A host of US sports games were postponed for a second straight day in protest at the shooting of Jacob Blake.
The NBA has postponed Thursday’s play-off games after Wednesday’s fixtures were called off following a player walkout.
NBA executive vice president Mike Bass said the league was “hopeful to resume games either Friday or Saturday”.
For the second straight night, three MLB games were also postponed.
The NHL announced that four games scheduled for Thursday and Friday had been called off as well.
The WNBA postponed Thursday’s games having done the same a day earlier.
NBA held meetings on Wednesday and Thursday in their bubble in Florida.
Bass said a video conference call would take place later on Thursday which will include players, team governors and representatives from the league office “to discuss next steps”.
US President Donald Trump said on Thursday that the NBA has become “like a political organisation” while senior adviser Jared Kushner, Trump’s son-in-law, added that he intends to invite the Los Angeles Lakers star LeBron James to the White House to discuss solutions to racial injustice.
“I think that it’s nice that they’re standing up for the issue, but I’d like to see them start moving into concrete solutions that are productive,” he told Politico. “And again, President Trump in this White House is willing to work with them.”
Sports across the US boycotted games on Wednesday, which began with the Milwaukee Bucks choosing not to play game five of their play-off series against the Orlando Magic.
Besides the three NBA and three WNBA games being called off, three MLB and five MLS fixtures were postponed on Wednesday.
Seven NFL teams cancelled practice on Thursday while Japanese tennis player Naomi Osaka pulled out of a WTA match in New York.
She tweeted that she would no longer play her semi-final in the Western and Southern Open in New York, saying that “as a black woman I feel as though there are much more important matters at hand that need immediate attention, rather than watching me play tennis”.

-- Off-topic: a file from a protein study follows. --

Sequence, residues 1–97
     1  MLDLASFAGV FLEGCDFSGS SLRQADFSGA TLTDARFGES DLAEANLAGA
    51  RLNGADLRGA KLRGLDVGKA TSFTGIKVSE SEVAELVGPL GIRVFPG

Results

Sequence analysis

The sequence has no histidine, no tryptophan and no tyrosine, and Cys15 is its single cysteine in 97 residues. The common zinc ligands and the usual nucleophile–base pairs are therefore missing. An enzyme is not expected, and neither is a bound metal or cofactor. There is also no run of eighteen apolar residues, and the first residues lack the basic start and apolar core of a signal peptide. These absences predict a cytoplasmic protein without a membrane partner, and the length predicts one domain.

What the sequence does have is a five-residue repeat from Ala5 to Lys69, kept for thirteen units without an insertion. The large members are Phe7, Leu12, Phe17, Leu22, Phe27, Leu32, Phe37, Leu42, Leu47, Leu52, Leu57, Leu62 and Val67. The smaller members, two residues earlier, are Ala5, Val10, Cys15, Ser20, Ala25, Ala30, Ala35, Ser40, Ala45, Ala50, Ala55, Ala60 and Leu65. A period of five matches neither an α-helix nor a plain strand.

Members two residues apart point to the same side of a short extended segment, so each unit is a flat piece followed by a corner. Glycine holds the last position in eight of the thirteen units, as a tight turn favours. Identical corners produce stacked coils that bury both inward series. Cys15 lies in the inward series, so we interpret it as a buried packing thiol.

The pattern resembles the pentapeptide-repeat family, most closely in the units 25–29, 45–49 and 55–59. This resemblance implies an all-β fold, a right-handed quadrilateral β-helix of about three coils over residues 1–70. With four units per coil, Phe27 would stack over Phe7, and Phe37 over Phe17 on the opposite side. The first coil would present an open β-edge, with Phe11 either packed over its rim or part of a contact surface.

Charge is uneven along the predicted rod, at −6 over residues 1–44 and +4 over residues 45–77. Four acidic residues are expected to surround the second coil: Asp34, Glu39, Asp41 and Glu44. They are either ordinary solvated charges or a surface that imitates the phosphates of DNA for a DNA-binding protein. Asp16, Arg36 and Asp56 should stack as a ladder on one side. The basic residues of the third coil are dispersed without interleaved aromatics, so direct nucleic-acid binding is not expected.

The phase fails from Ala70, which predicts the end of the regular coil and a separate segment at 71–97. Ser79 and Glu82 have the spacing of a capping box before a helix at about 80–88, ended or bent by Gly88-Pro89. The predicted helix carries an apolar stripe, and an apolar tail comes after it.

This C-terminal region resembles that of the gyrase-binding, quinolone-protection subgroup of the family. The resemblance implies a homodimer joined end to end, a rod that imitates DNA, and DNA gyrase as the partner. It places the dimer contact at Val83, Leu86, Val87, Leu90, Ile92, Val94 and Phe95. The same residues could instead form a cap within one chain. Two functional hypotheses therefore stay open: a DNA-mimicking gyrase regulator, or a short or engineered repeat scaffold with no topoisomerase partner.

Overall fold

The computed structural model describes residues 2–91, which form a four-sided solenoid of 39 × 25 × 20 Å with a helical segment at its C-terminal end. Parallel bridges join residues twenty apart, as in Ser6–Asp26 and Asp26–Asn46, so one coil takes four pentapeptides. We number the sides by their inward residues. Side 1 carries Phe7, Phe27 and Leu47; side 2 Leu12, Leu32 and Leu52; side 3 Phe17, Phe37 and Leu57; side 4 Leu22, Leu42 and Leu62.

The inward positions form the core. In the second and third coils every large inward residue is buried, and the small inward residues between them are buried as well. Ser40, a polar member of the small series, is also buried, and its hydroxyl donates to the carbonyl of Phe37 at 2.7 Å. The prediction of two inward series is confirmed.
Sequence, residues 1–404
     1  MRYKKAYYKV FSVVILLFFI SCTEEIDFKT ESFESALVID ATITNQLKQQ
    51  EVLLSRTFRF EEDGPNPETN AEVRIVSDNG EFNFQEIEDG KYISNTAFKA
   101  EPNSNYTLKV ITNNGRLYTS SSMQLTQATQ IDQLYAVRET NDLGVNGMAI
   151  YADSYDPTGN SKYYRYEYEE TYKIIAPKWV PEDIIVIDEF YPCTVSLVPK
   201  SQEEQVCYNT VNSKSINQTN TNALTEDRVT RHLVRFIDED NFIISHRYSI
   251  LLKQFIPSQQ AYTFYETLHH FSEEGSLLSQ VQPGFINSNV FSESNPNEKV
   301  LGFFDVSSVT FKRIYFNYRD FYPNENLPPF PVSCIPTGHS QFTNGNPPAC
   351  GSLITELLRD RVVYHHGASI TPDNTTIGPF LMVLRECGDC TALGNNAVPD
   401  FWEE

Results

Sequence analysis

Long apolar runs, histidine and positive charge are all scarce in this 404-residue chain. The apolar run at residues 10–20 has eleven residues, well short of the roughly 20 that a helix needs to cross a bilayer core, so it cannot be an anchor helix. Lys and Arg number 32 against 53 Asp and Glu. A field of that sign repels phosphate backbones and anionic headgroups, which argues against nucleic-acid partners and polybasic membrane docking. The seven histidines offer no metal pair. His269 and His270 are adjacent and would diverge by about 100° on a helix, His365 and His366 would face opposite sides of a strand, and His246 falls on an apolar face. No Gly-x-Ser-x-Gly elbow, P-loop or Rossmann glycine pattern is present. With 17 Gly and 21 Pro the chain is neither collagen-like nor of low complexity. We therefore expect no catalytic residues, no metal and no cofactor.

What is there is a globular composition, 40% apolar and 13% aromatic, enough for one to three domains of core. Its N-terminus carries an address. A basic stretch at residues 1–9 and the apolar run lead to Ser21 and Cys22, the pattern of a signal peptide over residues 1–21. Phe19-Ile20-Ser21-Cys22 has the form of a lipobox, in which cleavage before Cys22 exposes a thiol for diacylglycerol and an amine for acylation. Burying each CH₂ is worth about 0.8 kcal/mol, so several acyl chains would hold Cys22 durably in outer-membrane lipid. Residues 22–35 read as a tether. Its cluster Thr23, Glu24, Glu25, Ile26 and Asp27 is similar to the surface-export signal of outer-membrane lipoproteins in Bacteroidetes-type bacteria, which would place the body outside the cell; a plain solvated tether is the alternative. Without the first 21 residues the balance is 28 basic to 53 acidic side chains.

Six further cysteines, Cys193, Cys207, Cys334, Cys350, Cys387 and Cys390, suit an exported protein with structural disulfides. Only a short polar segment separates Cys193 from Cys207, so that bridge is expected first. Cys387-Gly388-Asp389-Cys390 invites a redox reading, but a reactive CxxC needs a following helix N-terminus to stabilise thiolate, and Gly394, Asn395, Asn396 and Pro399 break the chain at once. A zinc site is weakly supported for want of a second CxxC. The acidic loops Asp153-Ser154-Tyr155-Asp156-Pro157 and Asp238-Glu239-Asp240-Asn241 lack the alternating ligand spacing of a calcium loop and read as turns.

The US Tennis Association, ATP and WTA subsequently announced it was pausing play at the Western and Southern Open on Thursday and would resume on Friday, adding that “tennis is collectively taking a stance against racial inequality and social injustice”.
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Former world number one Osaka later confirmed she would play her semi-final against Belgian 14th seed Elise Mertens on Friday, thanking the governing bodies for their support and adding in a statement: “I was [and am] ready to concede my match to my opponent.
“However, after my announcement and lengthy consultation with the WTA and USTA, I have agreed at their request to play on Friday. They offered to postpone all matches until Friday and that in my mind brings more attention to the movement.”
The WNBA postponed all three games scheduled for Thursday after Wednesday’s three games, due to take place in the bubble in Bradenton, Florida, were also called off.
“Information regarding rescheduling of yesterday and today’s games will be provided when available,” read a WNBA statement on Thursday.
The night before, players linked arms on court, with a group wearing T-shirts that spelled out Blake’s name and also seven holes in them representing how many times he was shot by police.
“We stand in solidarity with our brothers in the NBA and we continue this conversation with our brothers and sisters across all leagues and look to take collective action,” said Atlanta Dream’s Elizabeth Williams in a statement on behalf of all WNBA players.
“If you truly believe that black lives matter, then go and vote.”
LeBron James tweeted: “We demand change. Sick of it.” Former US President Barack Obama, a dedicated basketball fan, tweeted his support of the walkout.
After calling off their game against the Orlando Magic, the Bucks players released a statement that said: “Despite the overwhelming plea for change, there has been no action, so our focus today cannot be on basketball.
“When we take the court and represent Milwaukee and Wisconsin, we are expected to play at a high level, give maximum effort and hold each other accountable.
“We hold ourselves to that standard, and in this moment, we are demanding the same from our lawmakers and law enforcement.
“We are calling for justice for Jacob Blake and demand the officers be held accountable.”